Licensing switches from the cart to the horse

Music for Screens: Fall 2011

Radio may still be king for many artists and record labels, but high-profile song placements in movies, commercials and TV shows are threatening to steal the crown when it comes to driving sales and profits, especially for mid-level acts.

Ten years ago, licensing revenue was seen as “icing on the cake,” says Karen Lamberton, senior VP of soundtracks, film and TV music and strategic marketing for RCA. “Now, it’s seen as a core piece of the revenue stream.”

So much so that an artist’s sync potential can play into signing negotiations. “Sony’s attorneys will now come to me and (ask) if I think this is a band that (we’ll) be able to license,” Lamberton says. “It may alter how we structure the agreement.”

Indeed, for many label acts, a well-placed sync will propel sales far more than radio play, according to Adam Farrell, VP of Beggars Banquet, which includes 4AD, XL, Matador and Rough Trade. “We always have the (acts) where you’ve sold few albums, but the P&L looks great because you’ve had so many syncs.

“I remember a couple of years ago, Friendly Fires had a song called ‘On Board’ in a Wii Fit ad,” Farrell continues. “That happened before we put the record out. What we had to quickly do was put the song up on iTunes. There was enough momentum that we (also) put the album up on iTunes early. (The sync’s success) reshaped the way we put the album out…The syncs absolutely drove the sales and downloads more than radio play.”

In recent months, acts like Ray LaMontagne and Vampire Weekend have received increased awareness from sync licensing. Lamberton says she has gotten “several hundred” license requests for LaMontagne’s music over the last five years, resulting in dozens of placements, including “House,” “One Tree Hill,” “Bones,” “Covert Affairs” and such films or movie trailers as “27 Dresses,” “Away From Her,” “The Conspirator” and “I Love You, Man.”

The radio campaign for LaMontagne’s “Trouble” was long over when Travelers Insurance picked it up for usage in an adorable commercial with a fretting pooch in 2009. RCA saw digital download sales increase 130% once the spot began airing regularly compared to the period before, Lamberton says. (The commercial was so popular that “The Office” even licensed the song in a plot point that had a pregnant Pam crying as she watched the ad.) While they don’t air as frequently, TV show placements still can have a great impact on sales: Jennifer Hudson’s “I Remember Me” surged 341% in download sales the week it aired on BET’s “Basketball Wives.”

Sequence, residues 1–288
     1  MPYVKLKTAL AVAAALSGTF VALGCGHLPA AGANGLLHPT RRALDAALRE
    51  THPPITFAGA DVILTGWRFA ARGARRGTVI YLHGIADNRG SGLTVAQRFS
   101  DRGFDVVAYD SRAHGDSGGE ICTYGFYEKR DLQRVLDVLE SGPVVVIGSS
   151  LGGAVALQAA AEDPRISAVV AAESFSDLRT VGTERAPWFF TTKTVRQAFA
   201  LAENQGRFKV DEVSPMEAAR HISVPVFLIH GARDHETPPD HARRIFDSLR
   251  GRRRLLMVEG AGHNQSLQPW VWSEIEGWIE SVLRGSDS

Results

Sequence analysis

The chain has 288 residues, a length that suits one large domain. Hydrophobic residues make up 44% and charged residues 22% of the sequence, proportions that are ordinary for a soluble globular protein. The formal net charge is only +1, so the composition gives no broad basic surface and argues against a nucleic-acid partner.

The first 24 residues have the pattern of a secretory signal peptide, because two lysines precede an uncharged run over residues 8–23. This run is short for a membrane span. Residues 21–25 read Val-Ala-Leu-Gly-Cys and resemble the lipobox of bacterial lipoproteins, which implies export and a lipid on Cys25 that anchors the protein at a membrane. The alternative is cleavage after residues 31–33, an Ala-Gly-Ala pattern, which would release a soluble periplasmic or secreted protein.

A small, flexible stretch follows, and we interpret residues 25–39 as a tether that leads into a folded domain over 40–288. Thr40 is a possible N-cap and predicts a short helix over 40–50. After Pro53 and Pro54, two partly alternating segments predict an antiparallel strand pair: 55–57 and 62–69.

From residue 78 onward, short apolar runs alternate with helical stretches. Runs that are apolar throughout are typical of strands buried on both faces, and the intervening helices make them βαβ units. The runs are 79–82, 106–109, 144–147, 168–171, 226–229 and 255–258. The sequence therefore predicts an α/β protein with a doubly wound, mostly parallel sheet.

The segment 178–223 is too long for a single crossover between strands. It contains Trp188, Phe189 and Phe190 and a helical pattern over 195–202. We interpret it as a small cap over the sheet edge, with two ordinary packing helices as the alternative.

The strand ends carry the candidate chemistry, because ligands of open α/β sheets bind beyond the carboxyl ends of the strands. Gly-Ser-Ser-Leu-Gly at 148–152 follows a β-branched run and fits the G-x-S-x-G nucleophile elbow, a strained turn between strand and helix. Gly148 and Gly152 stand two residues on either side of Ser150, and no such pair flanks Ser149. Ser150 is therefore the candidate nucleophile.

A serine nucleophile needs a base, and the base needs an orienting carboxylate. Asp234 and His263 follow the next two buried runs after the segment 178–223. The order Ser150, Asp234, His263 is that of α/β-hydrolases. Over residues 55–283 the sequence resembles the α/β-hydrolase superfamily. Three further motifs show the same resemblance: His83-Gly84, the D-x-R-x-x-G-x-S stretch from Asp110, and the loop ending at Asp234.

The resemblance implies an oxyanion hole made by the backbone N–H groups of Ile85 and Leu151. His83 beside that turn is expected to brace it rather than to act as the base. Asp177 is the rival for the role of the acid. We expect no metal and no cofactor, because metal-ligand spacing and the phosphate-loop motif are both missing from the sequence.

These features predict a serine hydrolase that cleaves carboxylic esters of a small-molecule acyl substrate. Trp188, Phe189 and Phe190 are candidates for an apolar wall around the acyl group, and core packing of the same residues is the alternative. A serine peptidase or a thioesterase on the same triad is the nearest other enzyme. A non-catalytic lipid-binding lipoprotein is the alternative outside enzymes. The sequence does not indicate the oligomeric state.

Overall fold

Vampire Weekend’s “Holiday” received tremendous exposure following its usage in commercials for both Honda and Tommy Hilfiger last year, but Farrell says that for all the awareness, he doesn’t look at those placements as “completely vital” to how the label marketed “Contra,” the album that featured the track, in part because “Contra,” which debuted at No. 1 on the Billboard 200, had already been out for months at that point and the band had already broken into the mainstream.

Instead he points to the success that Brit collective the xx experienced after AT&T used a song snipped called “Intro” in its nearly ubiquitous 2010 Olympics commercial featuring Apolo Ohno. “That put them into the mass market,” he says. “That’s when we started getting calls from Target and Best Buy to get them in the store. It put the band on the map…That was as good as getting a top 40 alternative hit.”

Placements may help developing acts the most, but even a massive radio smash can benefit from a stellar partnership to lift its already soaring profile higher. LMFAO’s breakthrough hit “Party Rock Anthem” had already reached No. 1 on Billboard’s Hot 100 (as well as on the U.K. charts) when Kia premiered a new commercial during August’s MTV Video Music Awards for the Soul brand that not only prominently played the song but featured Kia’s famous hamsters shuffling to the “Party Rock Anthem.”